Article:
There are currently some 141 large LNG carriers on order but 28 of these refer to Russian interests and are therefore at risk – currently they are stalled as all steelmakers, suppliers, yard, banks and so forth comply with sanctions. Most projects will probably be cancelled, and any hulls underway or remnants of the build assigned to other projects – except in the case of the 15, project specific, sophisticated ice-class vessels being built by Samsung and Zvezda. This may provide opportunity for an acceleration of current projects, or open market activity for the highest bidder.
For the next three years until 2025, modern in-service LNG vessels will be able to benefit from a strong market and the system inertia in building tonnage to absorb demand shocks. Perhaps this is the reason why we are seeing a second-hand market develop for the first time in older ships that can be bought for a relatively attractive price. Ships that are 20 years old were worth their scrap price of around $15m to $20m, depending on whether they had been drydocked, before the Ukraine crisis, but are now more like $30m to $40m.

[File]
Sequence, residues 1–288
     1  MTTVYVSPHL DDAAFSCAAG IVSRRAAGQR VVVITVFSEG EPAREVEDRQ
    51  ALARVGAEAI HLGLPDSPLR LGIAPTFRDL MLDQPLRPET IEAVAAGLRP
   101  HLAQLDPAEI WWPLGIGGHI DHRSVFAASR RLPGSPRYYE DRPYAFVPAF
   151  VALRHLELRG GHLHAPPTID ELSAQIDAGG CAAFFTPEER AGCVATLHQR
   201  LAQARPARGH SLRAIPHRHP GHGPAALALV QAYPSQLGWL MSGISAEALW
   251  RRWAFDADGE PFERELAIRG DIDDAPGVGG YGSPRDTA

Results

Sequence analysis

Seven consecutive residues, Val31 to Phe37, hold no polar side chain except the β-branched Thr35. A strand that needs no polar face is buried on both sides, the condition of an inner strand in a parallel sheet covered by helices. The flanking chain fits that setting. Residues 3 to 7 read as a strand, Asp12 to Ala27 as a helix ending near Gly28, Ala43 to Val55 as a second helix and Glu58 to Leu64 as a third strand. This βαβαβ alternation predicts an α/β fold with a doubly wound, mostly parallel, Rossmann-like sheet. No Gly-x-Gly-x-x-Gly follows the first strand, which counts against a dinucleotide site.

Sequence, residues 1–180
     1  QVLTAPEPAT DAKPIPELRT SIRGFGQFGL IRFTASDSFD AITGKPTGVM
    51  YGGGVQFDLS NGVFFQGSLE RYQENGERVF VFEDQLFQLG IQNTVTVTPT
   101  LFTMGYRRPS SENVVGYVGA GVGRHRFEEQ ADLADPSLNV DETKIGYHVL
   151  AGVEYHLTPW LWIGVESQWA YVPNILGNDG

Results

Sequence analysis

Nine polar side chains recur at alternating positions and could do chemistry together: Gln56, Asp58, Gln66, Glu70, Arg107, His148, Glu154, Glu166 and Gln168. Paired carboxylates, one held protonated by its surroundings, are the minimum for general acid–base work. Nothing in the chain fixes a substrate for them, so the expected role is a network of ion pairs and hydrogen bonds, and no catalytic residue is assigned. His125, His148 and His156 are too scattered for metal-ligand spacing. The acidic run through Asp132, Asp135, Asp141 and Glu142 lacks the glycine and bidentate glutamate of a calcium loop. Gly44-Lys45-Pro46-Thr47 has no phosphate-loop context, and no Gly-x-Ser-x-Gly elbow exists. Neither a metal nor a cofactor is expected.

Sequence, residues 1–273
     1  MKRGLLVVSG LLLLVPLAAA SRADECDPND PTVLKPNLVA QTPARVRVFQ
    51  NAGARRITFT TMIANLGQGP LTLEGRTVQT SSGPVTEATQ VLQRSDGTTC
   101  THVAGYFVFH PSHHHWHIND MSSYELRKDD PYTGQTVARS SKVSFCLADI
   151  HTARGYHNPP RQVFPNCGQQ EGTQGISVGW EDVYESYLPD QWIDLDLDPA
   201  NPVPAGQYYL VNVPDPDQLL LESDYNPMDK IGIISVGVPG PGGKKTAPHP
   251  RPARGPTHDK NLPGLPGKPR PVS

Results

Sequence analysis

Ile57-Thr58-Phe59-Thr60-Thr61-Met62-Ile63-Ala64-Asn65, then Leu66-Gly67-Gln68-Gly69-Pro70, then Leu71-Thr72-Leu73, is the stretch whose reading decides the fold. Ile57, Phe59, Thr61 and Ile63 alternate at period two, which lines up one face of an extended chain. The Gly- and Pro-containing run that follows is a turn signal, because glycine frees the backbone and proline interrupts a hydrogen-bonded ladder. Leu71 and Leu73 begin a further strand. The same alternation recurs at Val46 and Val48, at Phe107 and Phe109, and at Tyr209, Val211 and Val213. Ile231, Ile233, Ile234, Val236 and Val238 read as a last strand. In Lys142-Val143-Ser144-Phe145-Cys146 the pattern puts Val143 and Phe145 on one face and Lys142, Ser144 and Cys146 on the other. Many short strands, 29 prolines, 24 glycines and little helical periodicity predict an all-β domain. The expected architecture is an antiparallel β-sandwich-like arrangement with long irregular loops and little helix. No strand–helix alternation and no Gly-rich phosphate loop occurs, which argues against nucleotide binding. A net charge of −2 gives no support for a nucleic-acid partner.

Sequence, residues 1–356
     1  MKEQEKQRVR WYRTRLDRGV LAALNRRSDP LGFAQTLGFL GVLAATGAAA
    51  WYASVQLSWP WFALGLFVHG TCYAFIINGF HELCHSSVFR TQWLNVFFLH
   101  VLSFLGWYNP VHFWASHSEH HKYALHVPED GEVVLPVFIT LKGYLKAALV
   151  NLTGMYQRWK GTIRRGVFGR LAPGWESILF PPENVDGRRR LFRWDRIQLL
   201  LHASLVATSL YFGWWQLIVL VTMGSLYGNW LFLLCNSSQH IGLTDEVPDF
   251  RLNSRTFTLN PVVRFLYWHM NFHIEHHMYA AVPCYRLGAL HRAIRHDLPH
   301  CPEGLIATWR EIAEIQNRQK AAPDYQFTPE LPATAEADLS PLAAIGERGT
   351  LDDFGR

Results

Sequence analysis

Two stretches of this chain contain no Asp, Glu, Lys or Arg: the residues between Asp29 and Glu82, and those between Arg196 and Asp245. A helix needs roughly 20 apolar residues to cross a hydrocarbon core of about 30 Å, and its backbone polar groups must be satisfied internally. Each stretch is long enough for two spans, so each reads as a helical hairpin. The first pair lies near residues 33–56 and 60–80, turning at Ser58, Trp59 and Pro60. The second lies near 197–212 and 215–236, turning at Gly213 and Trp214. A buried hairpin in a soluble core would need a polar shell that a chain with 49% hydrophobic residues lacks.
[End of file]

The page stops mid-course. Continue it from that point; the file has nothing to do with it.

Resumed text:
To conclude, the recent energy crisis shows that there seems to be no balance between energy security and energy transition. The energy supply chain is vital to them both and it is clear that the fundamentals are showing we have great challenges ahead. We need to adapt the pace of regulatory change, and at the same time focus on the footprint of the existing fleet, bearing in mind that LNG itself is still a transition commodity. If an LNG ship does not reach its destination, its cargo could be replaced by coal in the energy mix, and this doesn’t seem like a step to the right direction.